On the other hand, courses from the areas of business administration, marketing and torusism management were allegedly not recommended. The courses are larger and the level cannot be compared with that of business administration courses in Germany.
3.3 The lesson
Unlike what you might expect from Hawaii, you had to do a lot for the university. The lessons at the HPU have more of a school than university character and attendance is compulsory! In each course homework, projects, lectures or papers had to be worked out weekly. In addition, there were the ‘midterm’ exams after the first half of the semester and the equivalent ‘final exams’ at the end. Unlike in Germany, the work does not only focus on the last few weeks before the final exams, but takes place continuously.
With a course size of around ten students per course, the lessons were very intensive and the relationship between the student and the course leader was extremely personal. With a few exceptions, all professors and instructors seemed qualified to me. Her teaching and expectations were consistently demanding.
It was a shame that the vast majority of the foreign students came from Germany, which is why mostly only German was spoken. This made contact with local, English-speaking students quite difficult.
3.4 Organization of leisure activities by the HPU
The HPU organizes many leisure activities, about which the students are mostly informed by email. Several times a week, for example, cinema events were offered at which low-budget films from all over the world were shown.
There were also readings, theater performances, balls, international afternoons, as well as themed parties and leisure activities where you could get to know the island.
But actually only guest students (i.e. mainly Germans, partly Swedes, Norwegians) also took part in these events. Check toppharmacyschools to see more reviews from current students.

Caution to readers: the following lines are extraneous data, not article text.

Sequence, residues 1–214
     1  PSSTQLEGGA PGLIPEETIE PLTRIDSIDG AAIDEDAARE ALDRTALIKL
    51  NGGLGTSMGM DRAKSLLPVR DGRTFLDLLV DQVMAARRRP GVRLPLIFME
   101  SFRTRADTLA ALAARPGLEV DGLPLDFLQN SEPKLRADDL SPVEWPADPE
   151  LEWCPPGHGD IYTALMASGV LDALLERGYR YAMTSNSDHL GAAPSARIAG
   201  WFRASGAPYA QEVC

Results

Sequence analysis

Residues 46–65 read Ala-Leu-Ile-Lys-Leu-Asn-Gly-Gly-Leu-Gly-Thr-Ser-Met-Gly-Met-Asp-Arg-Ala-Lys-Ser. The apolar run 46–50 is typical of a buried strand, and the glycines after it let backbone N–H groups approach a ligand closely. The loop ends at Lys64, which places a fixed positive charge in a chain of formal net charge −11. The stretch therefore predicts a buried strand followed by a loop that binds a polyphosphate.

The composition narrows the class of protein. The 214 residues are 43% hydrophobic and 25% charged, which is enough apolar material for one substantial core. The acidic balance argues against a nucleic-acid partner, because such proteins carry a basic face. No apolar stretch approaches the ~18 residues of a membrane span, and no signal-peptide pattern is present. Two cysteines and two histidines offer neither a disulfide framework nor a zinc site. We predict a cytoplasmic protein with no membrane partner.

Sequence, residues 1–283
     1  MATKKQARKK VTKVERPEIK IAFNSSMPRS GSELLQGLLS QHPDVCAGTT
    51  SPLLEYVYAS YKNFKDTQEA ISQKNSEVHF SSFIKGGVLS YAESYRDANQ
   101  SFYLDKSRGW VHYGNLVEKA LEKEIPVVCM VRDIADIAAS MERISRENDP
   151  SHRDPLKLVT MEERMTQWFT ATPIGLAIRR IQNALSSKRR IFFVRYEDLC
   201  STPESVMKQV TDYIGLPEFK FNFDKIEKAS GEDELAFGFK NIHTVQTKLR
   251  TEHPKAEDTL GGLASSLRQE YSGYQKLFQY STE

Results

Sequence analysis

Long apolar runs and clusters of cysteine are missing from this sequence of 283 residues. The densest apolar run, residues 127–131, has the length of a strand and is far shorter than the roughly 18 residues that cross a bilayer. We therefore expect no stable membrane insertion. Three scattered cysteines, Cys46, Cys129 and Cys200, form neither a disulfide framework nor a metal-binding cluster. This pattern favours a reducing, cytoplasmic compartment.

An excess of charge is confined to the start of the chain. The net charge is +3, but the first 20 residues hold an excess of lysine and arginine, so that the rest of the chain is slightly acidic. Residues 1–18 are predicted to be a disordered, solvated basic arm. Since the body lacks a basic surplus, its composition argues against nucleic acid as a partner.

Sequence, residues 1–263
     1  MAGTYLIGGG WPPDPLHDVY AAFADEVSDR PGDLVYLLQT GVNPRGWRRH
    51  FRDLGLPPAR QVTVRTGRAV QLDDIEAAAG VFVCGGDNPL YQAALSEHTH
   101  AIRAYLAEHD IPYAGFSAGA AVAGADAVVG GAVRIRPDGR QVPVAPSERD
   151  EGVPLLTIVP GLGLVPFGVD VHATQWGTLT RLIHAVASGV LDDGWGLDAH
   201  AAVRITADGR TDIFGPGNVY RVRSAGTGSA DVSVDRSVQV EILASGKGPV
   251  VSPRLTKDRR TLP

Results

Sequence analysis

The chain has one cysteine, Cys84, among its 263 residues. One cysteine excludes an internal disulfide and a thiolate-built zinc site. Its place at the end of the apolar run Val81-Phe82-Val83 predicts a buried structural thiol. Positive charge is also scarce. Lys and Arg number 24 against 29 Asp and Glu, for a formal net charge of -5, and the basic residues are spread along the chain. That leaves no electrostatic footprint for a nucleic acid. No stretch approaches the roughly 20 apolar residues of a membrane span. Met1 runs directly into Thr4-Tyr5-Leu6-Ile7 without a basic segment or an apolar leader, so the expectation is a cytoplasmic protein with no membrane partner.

4. Living in Hawai’i
In one word, life in Hawai’i is expensive. In addition to the high rental costs, you can expect three to four times higher prices in the supermarkets. Above all, those who want to eat healthily have to dig deep into their pockets, because the fruit and vegetable prices are insanely high. In the ABC stores (small shops that can be found on almost every corner in Waikiki) you can spend $ 2.50 on an apple.
Accordingly, fast food chains such as McDonalds, Burgerking, JackInTheBox, TacoBell, Subways and Co are a cheap alternative for so many people in Hawai’i. For the price of $ 1 a French fry at McDonalds, you couldn’t even get a potato in the store.
The few options for money-saving shopping:
In the most common large supermarkets such as ‘Safeways’ or ‘Foodland’ you can ask for a free customer card at the checkout, with which you get generous discounts on almost all products. There are also wholesale markets such as ‘Samsclub’ or ‘Cosco’, where you can get volume discounts on groceries as a paying member. This is particularly worthwhile for large shared apartments and weekly shopping.
Fruit and vegetables can also be bought in Chinatown, the poorest part of Honolulu. Chinatown is only a few steps away from the university. Expect to be the only tourist in the middle of a neighborhood full of local Asians, most of whom do not speak English. You can get the fish here as fresh as nowhere else: only when you buy it is it taken out of the aquarium and killed in front of the buyer. (For this reason I stayed with the frozen fish from the supermarket :-)) In addition to fruit and vegetables, pigs’ heads, freshly slaughtered chickens and live frogs are offered in the market halls.
What you spend dearly on grocery shopping in Hawai’i can be saved on clothing, jewelry and electrical goods on the other hand. Surfer fashion like ‘Billabong’, ‘Quicksilver’ etc. is of course bought in one of the many small surfer shops in Waikiki, while branded clothing is best bought in the outlet center in Waikele (a good two hour bus ride from Waikiki). The huge ‘Ala Moana Center’ in Waikiki is also very popular.
If you are looking for jewelry, you will most likely find it at the International Market Place, right in the heart of Waikiki – but here you can assume that the “real Hawaiian” souvenirs are almost all ‘made in China’.
4.2 Restaurants and Bars
At over 40%, Asians make up the largest population group currently living in Hawai’i. The Polynesians who used to inhabit the islands now make up less than ten percent of the population. This is also reflected in the food. In addition to fast food, sushi is offered everywhere in Waikiki and especially in Honolulu – in the many Asian restaurants as well as ‘ToGo’ in the supermarkets and small shops. Typically Hawaiian food, on the other hand, is hard to find.